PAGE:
“That’s my ‘Dead Friend’ gift card,” I said to my husband, while stressing over what to get with a surprise gift from my friend who has passed away.

My husband winced. “Don’t call it that. Why would you say that?” he said.

“It’s the last thing she’s ever going to get me!” I said, “What if I get the wrong thing? What if it isn’t what she’d want as the last thing she ever gave someone?”

Leaning on friends who lean on you. (Courtesy of Bailey Anne Vincent)

Posthumous gifting isn’t something most of us know about.

No one teaches us this stuff. No one tells us a feeding tube or port-a-cath, however scary, doesn’t have to mean The End. Instead, it could mean the beginning of living in a new way — of straddling the between and moving onward.

I know a lot more than I used to, at least. I know that humor through grief never stops alarming those around you. And I know that just because we feel like we are losing control, it doesn’t mean we are.

We are allowed to be scared, to decline. And, if we choose to, we are allowed to fight back for however long we please.

Not always … but this time.

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Note: Cystic Fibrosis News Today is strictly a news and information website about the disease. It does not provide medical advice, diagnosis, or treatment. This content is not intended to be a substitute for professional medical advice, diagnosis, or treatment. Always seek the advice of your physician or other qualified health provider with any questions you may have regarding a medical condition. Never disregard professional medical advice or delay in seeking it because of something you have read on this website. The opinions expressed in this column are not those of Cystic Fibrosis News Today, or its parent company, BioNews Services, and are intended to spark discussion about issues pertaining to cystic fibrosis.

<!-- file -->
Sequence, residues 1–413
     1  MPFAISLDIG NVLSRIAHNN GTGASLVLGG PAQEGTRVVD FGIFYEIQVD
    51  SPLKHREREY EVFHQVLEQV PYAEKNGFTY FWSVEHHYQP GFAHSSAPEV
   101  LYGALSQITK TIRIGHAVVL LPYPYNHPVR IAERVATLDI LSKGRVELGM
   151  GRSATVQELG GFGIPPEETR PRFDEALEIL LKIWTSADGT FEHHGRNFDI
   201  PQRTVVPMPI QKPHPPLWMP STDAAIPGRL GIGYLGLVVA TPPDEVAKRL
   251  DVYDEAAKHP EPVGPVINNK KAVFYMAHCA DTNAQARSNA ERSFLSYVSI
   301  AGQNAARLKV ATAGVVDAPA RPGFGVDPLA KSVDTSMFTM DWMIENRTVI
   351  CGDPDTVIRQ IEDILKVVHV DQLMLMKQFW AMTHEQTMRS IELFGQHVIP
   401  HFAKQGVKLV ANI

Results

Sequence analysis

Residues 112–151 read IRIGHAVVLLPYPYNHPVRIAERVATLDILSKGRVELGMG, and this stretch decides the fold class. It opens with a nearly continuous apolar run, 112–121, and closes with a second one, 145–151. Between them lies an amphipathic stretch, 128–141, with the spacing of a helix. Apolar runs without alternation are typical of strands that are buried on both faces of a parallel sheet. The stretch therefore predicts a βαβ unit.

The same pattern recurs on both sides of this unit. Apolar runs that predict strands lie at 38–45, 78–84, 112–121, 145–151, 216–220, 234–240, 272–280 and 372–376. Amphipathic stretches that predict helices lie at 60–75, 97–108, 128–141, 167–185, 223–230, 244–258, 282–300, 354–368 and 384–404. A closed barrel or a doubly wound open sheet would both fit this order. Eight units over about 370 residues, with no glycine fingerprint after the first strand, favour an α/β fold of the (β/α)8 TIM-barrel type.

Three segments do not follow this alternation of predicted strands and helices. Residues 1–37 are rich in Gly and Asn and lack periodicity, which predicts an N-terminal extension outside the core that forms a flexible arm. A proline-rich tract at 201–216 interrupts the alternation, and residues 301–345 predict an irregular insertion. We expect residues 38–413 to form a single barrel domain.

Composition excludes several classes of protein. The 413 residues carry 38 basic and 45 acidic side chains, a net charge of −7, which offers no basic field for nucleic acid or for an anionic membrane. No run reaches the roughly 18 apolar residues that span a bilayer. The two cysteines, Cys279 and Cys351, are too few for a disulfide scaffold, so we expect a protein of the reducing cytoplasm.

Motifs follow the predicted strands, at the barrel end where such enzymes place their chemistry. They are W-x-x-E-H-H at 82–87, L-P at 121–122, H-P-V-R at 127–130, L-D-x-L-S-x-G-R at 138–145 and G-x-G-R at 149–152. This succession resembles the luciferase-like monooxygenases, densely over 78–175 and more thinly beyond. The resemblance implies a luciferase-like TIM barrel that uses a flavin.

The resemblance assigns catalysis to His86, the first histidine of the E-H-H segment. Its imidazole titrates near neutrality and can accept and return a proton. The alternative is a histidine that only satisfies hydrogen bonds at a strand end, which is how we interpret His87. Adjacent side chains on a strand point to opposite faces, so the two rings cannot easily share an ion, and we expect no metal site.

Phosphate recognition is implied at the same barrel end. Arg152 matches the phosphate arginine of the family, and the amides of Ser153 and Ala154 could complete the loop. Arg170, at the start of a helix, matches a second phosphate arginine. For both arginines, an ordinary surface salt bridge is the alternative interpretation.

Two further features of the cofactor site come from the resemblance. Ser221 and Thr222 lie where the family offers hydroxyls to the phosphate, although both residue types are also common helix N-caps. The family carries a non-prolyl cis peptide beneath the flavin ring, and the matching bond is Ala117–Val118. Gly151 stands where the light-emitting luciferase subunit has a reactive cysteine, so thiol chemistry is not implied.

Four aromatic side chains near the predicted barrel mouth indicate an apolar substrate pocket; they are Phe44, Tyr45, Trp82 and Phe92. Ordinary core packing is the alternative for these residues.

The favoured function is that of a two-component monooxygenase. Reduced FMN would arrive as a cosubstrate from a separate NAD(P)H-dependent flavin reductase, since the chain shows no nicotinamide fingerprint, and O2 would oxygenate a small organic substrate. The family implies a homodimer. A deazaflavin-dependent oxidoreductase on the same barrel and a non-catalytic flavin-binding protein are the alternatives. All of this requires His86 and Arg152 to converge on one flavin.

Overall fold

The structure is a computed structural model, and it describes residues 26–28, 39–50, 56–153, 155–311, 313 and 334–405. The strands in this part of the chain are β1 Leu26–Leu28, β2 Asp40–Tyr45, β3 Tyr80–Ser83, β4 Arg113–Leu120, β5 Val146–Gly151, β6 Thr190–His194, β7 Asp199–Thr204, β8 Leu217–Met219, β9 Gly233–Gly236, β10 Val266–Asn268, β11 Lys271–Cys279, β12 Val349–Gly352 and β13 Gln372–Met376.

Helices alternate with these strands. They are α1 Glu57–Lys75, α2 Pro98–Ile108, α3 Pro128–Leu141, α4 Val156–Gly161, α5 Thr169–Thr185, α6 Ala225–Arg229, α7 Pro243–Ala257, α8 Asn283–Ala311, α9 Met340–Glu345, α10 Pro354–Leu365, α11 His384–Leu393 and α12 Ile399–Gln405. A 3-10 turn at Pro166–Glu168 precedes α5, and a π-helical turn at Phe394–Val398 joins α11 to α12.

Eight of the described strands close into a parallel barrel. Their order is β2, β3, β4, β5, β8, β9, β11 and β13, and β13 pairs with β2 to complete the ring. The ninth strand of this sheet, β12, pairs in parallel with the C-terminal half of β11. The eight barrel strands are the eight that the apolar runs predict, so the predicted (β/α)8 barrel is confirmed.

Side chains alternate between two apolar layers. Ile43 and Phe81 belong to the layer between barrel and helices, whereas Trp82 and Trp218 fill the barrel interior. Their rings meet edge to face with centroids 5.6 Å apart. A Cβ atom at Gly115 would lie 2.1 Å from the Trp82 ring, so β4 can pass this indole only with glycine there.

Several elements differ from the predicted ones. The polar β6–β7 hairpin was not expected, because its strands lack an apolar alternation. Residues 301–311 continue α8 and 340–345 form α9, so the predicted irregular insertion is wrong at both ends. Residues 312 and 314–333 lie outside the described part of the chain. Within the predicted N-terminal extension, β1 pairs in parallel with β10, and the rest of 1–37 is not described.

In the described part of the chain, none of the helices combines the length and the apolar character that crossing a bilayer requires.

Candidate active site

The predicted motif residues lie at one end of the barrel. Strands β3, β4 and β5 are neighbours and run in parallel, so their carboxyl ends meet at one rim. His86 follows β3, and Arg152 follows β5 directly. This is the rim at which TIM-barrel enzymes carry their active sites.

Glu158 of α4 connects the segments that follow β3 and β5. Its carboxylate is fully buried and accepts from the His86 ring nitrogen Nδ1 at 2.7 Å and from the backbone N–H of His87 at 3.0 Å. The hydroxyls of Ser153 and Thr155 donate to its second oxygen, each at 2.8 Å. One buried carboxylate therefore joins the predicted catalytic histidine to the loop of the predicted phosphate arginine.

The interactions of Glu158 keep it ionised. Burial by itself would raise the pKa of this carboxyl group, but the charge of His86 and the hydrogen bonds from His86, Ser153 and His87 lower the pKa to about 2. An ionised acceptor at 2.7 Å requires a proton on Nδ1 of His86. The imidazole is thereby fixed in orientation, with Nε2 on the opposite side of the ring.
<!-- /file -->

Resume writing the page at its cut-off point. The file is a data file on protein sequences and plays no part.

Bailey is a Deaf 34-year-old with atypical cystic fibrosis. She has been a journalist, columnist, and novelist for almost two decades, but is also an altruist, feminist and narcissist who likes to ask for “fatty sushi” that’s not on the menu (it’s cream cheese, egg and avocado, respectively). She is artistic director of the body-positive dance company Company 360 in Virginia, as well as a professional dancer, choreographer, and homeschooling mother of two girls. As a formally misdiagnosed mutant, she hopes to raise awareness of atypical CFTR disease and help anyone who isn’t genetically in the black or white feel less alone. For more on her activism or art, please see www.catchingbreaths.org.
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Bailey is a Deaf 34-year-old with atypical cystic fibrosis. She has been a journalist, columnist, and novelist for almost two decades, but is also an altruist, feminist and narcissist who likes to ask for “fatty sushi” that’s not on the menu (it’s cream cheese, egg and avocado, respectively). She is artistic director of the body-positive dance company Company 360 in Virginia, as well as a professional dancer, choreographer, and homeschooling mother of two girls. As a formally misdiagnosed mutant, she hopes to raise awareness of atypical CFTR disease and help anyone who isn’t genetically in the black or white feel less alone. For more on her activism or art, please see www.catchingbreaths.org.